Blair Tells Labor Party He Doesn't Regret Iraq

Prime Minister Tony Blair (search), whose popularity has sagged after taking his country to war in Iraq, defended the policy before his restless Labor Party on Tuesday, telling members he would make the same decision again.

"Iraq has divided the international community, it has divided the party, the country, families, friends. And I know many people are disappointed, hurt, angry," Blair told the party's annual conference.

"I know many believe profoundly that the action we took was wrong. I do not at all disrespect anyone who disagrees with me.

"I ask just one thing: Attack my decision, but at least understand why I took it and why I would take the same decision again."

Dissent over the war has rumbled through the conference, although no debate has been permitted on the floor. Two of Blair's Cabinet ministers resigned to protest the invasion, and public opinion polls have charted growing disillusionment with the campaign to oust Iraqi leader Saddam Hussein.

Defending his decision, Blair said: "Imagine you are prime minister, and you receive this intelligence. And not just about Iraq, but the whole murky trade in weapons of mass destruction. And one thing we know, not from intelligence, but from historical fact, that Saddam's regime had not just developed, but had used such weapons, gassing thousands of his own people.

"And has lied about it consistently, concealing it for years, even under the noses of the U.N. inspectors. And I see the terrorism and the trade in WMD growing."

Blair acknowledged he had reached a "testing time" time in the 6 years since he led the party to the first of two landslide victories.

"I now look my age," joked the 50-year-old prime minister.

"I've had plenty of advice over what I should say in this speech. Some of it I've even asked for. One suggestion was leading you all in a chorus of 'Always Look on the Bright Side of Life,"' he said.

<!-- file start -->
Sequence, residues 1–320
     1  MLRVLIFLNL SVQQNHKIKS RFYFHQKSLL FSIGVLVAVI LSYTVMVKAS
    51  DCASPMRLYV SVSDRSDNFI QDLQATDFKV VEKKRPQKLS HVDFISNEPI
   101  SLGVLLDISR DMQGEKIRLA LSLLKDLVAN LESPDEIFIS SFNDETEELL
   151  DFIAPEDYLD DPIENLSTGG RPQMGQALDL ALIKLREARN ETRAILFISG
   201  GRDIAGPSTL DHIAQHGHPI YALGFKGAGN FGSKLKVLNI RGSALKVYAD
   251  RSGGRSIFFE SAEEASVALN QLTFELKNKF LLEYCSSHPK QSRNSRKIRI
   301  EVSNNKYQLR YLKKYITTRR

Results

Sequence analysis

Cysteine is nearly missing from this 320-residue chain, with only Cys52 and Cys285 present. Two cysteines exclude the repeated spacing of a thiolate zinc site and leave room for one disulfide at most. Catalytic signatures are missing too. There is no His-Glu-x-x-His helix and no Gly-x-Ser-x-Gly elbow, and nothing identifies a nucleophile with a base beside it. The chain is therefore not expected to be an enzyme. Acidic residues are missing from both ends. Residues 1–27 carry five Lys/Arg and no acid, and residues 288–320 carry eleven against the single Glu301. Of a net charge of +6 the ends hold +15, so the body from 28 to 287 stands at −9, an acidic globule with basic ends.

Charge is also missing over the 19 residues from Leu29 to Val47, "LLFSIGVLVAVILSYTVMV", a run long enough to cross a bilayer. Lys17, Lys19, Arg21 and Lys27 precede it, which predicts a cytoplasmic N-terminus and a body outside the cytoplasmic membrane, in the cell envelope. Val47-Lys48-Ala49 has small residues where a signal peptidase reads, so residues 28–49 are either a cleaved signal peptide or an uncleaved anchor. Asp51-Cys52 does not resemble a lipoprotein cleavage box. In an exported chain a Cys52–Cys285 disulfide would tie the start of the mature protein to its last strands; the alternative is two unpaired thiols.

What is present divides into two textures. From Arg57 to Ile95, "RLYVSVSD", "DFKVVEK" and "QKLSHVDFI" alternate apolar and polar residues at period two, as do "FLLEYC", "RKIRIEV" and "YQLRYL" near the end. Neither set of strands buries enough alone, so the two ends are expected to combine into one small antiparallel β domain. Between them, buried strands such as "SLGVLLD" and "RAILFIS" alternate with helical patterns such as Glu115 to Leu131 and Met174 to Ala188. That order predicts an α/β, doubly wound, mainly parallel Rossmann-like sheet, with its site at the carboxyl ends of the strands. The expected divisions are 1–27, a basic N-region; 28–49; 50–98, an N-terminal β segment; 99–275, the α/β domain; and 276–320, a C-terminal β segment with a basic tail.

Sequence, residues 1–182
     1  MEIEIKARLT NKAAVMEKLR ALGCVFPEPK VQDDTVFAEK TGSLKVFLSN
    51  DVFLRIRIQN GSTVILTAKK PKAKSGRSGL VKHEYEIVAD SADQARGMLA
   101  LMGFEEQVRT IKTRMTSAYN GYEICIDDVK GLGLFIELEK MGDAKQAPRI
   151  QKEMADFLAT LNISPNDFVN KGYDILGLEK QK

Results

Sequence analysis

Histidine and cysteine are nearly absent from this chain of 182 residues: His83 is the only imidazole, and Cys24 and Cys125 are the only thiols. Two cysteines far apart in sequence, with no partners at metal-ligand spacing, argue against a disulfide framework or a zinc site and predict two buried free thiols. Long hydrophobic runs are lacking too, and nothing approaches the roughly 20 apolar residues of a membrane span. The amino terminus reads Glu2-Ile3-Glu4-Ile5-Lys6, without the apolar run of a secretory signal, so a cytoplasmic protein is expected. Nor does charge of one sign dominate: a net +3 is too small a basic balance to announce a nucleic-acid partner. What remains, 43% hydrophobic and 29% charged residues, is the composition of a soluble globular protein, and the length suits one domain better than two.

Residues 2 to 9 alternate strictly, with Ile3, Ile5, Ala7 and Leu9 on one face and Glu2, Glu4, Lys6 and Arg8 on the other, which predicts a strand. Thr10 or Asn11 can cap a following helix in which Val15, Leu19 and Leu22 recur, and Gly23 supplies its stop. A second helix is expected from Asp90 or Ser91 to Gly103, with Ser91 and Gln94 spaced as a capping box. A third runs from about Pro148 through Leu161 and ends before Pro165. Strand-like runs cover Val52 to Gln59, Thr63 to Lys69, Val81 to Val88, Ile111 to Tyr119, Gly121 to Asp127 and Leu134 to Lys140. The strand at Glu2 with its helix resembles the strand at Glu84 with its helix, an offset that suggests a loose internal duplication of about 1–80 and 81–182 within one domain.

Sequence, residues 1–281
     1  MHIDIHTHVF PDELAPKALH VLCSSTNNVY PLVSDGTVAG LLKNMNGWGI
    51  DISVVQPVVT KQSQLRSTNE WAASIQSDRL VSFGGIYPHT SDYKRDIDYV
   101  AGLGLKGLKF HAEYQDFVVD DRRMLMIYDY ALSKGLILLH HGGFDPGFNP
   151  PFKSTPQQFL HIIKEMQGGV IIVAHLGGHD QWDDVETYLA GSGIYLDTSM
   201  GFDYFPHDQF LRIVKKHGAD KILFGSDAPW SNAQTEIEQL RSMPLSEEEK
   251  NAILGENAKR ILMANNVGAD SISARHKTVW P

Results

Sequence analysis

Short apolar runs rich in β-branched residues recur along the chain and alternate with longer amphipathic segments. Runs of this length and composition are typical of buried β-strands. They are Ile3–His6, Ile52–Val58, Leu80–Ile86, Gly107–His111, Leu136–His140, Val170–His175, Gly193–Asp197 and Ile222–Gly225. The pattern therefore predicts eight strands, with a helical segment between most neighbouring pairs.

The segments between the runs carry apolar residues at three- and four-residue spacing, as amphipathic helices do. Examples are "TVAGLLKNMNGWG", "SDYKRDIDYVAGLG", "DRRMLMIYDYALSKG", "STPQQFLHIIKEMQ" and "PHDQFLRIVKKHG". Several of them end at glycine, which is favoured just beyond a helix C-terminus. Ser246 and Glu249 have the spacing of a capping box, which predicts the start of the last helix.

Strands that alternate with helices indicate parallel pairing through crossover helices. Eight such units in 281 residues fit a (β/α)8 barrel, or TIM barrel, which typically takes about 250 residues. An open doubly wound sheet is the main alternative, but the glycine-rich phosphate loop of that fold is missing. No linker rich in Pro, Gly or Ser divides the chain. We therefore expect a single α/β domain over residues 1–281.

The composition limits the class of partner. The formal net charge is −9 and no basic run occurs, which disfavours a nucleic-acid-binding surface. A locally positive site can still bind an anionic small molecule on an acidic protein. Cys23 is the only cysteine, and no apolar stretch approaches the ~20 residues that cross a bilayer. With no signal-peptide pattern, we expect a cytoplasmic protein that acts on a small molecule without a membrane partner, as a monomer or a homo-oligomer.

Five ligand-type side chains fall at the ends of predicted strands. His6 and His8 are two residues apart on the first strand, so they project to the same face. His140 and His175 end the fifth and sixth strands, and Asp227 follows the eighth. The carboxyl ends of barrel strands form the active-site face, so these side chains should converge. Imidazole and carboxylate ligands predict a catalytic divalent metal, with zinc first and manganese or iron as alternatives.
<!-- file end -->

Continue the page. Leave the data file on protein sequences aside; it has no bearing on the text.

"So what do we do — give up on it, or get on with it?"

Blair said any politician could do popular things: "I know, I used to do a few of them."

Now, he said, he was "more battered without, but stronger within."

"It's the only leadership I can offer. And it's the only type of leadership worth having."

Blair vowed to press ahead with his plans for shaking up public services, including raising fees for university students and bringing private investment into the National Health Service.

A poll released Sunday found 64 percent of Britons questioned last week said they did not trust Blair and 48 percent think he should resign. The survey by ICM for the News of the World newspaper had a margin of error of three percentage points.

Blair's former foreign secretary, Robin Cook (search), told a meeting Monday that the war was disastrous.

"It is still possible to find colleagues who will defend the decision to invade Iraq," Cook said. "It is very difficult to find anybody in the parliamentary party who doesn't recognize it has been a first-class political disaster for the party and the Labor government."

Many Labor delegates resent Blair's decision to join the United States in invading Iraq, and the prime minister has been on the defensive because coalition forces have not found any weapons of mass destruction.

Treasury chief Gordon Brown (search) won enthusiastic applause from delegates on Monday for a speech in which he also insisted that controversial domestic policies will not be withdrawn. But Brown's language, and repeated references to Labor Party values, cheered delegates.

"Wonderful," Labor delegate Winston Vaughan said Monday of Brown's speech. "I think Blair will speak about the same things, but he will not get the same response. Party members are disillusioned with the leadership, and I mean the prime minister."

Former Labor Party leader Neil Kinnock, now a European Union commissioner, urged Blair to stick to his policies in the face of growing discontent.

Blair must not change policies "simply because the winds that are blowing are fairly icy at the moment. It is called being in government," Kinnock said in a British Broadcasting Corp. interview Tuesday.